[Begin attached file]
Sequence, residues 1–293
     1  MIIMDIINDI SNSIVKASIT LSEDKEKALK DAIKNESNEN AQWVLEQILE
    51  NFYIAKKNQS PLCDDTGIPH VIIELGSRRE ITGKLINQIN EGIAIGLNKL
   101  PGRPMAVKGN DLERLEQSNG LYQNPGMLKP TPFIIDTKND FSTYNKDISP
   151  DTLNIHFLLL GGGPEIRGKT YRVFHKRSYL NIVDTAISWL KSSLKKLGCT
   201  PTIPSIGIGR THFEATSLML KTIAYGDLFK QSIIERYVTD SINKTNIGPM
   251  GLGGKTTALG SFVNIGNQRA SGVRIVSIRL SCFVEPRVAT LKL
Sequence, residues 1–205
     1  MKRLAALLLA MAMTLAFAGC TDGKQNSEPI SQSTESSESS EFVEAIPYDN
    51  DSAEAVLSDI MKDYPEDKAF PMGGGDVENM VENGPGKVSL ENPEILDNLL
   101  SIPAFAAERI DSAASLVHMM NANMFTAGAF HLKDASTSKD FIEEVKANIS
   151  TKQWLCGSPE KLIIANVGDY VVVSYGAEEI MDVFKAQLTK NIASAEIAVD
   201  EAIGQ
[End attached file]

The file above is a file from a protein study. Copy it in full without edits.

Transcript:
Sequence, residues 1–293
     1  MIIMDIINDI SNSIVKASIT LSEDKEKALK DAIKNESNEN AQWVLEQILE
    51  NFYIAKKNQS PLCDDTGIPH VIIELGSRRE ITGKLINQIN EGIAIGLNKL
   101  PGRPMAVKGN DLERLEQSNG LYQNPGMLKP TPFIIDTKND FSTYNKDISP
   151  DTLNIHFLLL GGGPEIRGKT YRVFHKRSYL NIVDTAISWL KSSLKKLGCT
   201  PTIPSIGIGR THFEATSLML KTIAYGDLFK QSIIERYVTD SINKTNIGPM
   251  GLGGKTTALG SFVNIGNQRA SGVRIVSIRL SCFVEPRVAT LKL
Sequence, residues 1–205
     1  MKRLAALLLA MAMTLAFAGC TDGKQNSEPI SQSTESSESS EFVEAIPYDN
    51  DSAEAVLSDI MKDYPEDKAF PMGGGDVENM VENGPGKVSL ENPEILDNLL
   101  SIPAFAAERI DSAASLVHMM NANMFTAGAF HLKDASTSKD FIEEVKANIS
   151  TKQWLCGSPE KLIIANVGDY VVVSYGAEEI MDVFKAQLTK NIASAEIAVD
   201  EAIGQ